Thursday 22 February. We packed, dumped our main bags to be transported to the road by quad bike and left the Rio Frio clearing soon after 06:00. A fairly steady walk, interrupted by a superb Agami Heron in a dark creek, had us at the road at 07:30. We were half an hour early for the arranged 4WD so with the road passing through decent forest we started walking and were soon rewarded with a superb Black-capped Pygmy-Tyrant. We continued to the Black Oropendola nests where 7 birds were in attendance. We also saw With still no sign of our ride, which was now late, Kilo phoned to discover they’d had a puncture which was being repaired. We continued walking, although through more open areas, and soon the 4WD appeared. It collected our bags then took us into El Real where Kilo checked us out of Darien National Park and on to the river at 09:00. Our dugout canoe “100% El Real” was waiting and 20 minutes later we were on our way to Yaviza. Arriving at 09:50. A good selection of waterbirds were seen along the river including 4 Greater Anis, 3 Wood Storks, White Ibis and Great Blue and 3 Cocoi Herons. Our minibus had been delayed by an hour or so giving us time to visit the Alaska road sign at the end of the PanAmerican Highway. We left Yaviza at 11:10, stopped for a take-away lunch and to collect the stuff we’d left at the Hotel Avicar in Rio Torti. We continued to the Sao Francisco Reserve arriving at 14:00. Panamanian endemic Yellow-green Tyrannulet gave us a bit of a runaround before we had reasonable views but fortunately Bare-crowned Antbird was more obliging as were 2 superb Barred Puffbirds. Notable too were at least 250 Turkey Vultures which appeared to be part of a large movement of birds migrating north. We had a very superficial look for Sooty-headed Tyrannulet, a target for me, before leaving unsuccessfully at 15:30 despite the reserve staying open to 16:00 - disappointing. We continued on to Chepo where we stayed in the Aparta Hotel. It Wi-Fi wasn’t working but during a meal in town Kilo let us piggyback onto his phone connection to check in online for our flights the following evening and send messages home.

Agami Heron near Rancho Frio

Agami Heron (photos: Paul Noakes)

Choco Elaenia near Rio Frio (photo: Paul Noakes)
Black Oropendolas between Rio Frio and El Real

Black Oropendolas between Rio Frio and El Real (photos: Paul Noakes)

Black-capped Pygmy-Tyrant between Rio Frio and El Real

Black-capped Pygmy-Tyrant between Rio Frio and El Real (photos: Paul Noakes)

Panama Flycatcher between Rio Frio and El Real (photos: Paul Noakes)

El Real
young Grey-breasted Martin at Yaviza
more bananas arriving in Yaviza
me at the Alaska sign in Yaviza
Barred Puffbirds at Sao Francisco Reserve

Yellow-green Tyrannulet at Sao Francisco Reserve (photo: Paul Noakes)
Bare-crowned Antbird at Sao Francisco Reserve (photos: Paul Noakes)

White-vented Plumeleteer at Sao Francisco Reserve (photo: Paul Noakes)

Friday 23 February. We left Chepo at 05:45 and drove for an hour to Nusagandi where Tonio was waiting by the road to take us down to the river where we’d spent two days previously unsuccessfully looking for Spiny-cheeked Antshrike. It was our last roll of the dice - Kilo making the most of the trip’s flexibility (‘an extra morning to chase birds that we need’) - to hopefully rectify our earlier failure. I was not confident. But as we approached the river Tonio heard an antrshrike singing. We hurried down the muddy trail and were soon watching a male Spiny-cheeked Antshrike. Our return to Nusagandi had paid off, thanks to Kilo being able to take advantage of the degree of flexibility built into our itinerary. I later learned that Tonio had seen one here the previous day so my pessimism had been unfounded. At Nusagandi we also saw Choco Manakin, male and then female Stripe-cheeked Woodpecker looking out of their nest hole and a thermalled Olive-backed Quail-Dove sitting deep in the undergrowth. Just off the trail on our walk back up to the road was a very obliging Black-crowned Pittasoma which spent at least 15 minutes watching us from a low branch. I was rather slow to realise the photographic potential but fortunately it stayed long enough for me to get in on the act even if it was a bit more obscured by then. Also at Nusagandi I saw White-tipped Sicklebill, Pied Puffbird, 2 Plain Xenops, Golden-collared and Red-capped Manakins, Cinnamon Becard, 2 Bay-breasted Warblers and a Golden-hooded Tanager. Our four hours at Nusagandi had been a brilliant end to an excellent trip. We were back at the Aparta Hotel to collect our bags at 13:00, having had lunch nearby. Our long journey home followed. We were dropped at the airport at 15:00 and departed for Amsterdam at 18:45.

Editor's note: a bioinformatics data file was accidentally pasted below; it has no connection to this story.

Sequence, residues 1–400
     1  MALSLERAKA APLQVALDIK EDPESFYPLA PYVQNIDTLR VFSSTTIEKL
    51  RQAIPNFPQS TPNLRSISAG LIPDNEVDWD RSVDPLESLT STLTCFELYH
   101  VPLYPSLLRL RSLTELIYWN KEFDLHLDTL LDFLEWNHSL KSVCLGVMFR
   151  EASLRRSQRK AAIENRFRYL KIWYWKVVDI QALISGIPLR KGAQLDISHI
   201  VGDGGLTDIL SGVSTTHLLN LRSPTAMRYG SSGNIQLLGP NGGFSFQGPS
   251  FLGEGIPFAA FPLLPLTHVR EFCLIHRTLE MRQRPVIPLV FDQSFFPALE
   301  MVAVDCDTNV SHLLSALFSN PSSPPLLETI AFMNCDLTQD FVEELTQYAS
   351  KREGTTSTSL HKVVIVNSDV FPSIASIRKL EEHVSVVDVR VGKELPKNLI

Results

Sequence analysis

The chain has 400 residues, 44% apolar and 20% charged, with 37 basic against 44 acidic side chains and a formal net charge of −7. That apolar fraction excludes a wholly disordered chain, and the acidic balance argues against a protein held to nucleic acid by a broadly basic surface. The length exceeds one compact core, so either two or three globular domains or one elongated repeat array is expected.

male Spiny-cheeked Antshrike at Nusagandi

male Spiny-cheeked Antshrike at Nusagandi (photos: Paul Noakes)

male Spiny-cheeked Antshrike at Nusagandi (photo: Barry Wright)

male Stripe-cheeked Woodpecker at Nusagandi 
male Stripe-cheeked Woodpecker at Nusagandi (photo: Barry Wright)
male Stripe-cheeked Woodpecker at Nusagandi (photo: Paul Noakes)
when we returned the female had taken over guard duty
female Stripe-cheeked Woodpecker at Nusagandi (photo: Paul Noakes)

Choco Manakin at Nusagandi

Choco Manakin at Nusagandi (photo: Barry Wright)

Choco Manakin at Nusagandi (photo: Paul Noakes)

Red-capped Manakin at Nusagandi (photo: Paul Noakes)
Black-crowned Pittasoma at Nusagandi

Black-crowned Pittasoma at Nusagandi (photo: Barry Wright)
Black-crowned Pittasoma at Nusagandi (photos: Paul Noakes)

Golden-collared Manakin at Nusagandi
Kilo and Tonio
with Nick, Barry, Paul and me
our ride back to Europe

Saturday 24 February. We arrived in Amsterdam on time at 10:50, Barry and me flying to Heathrow Terminal 4 under an hour later (Barry’s bag missed the connection by was delivered to his house 2 days later), Nick and Paul had longer waits for their flights to Newcastle and Norwich respectively. I caught the tube to Terminal 2/Central Bus Station, changed my National Express ticket for an earlier bus and was home soon after 16:00. A great trip, many thanks to Barry, Nick, Paul and our excellent guide Kilo for making it so enjoyable and helping me to get onto some of the trickier birds. It was well worth the wait but I'm glad there were no further delays. Tackling Pirre Ridge in one's 70s would not be for the faint hearted!

[blogged May 2024]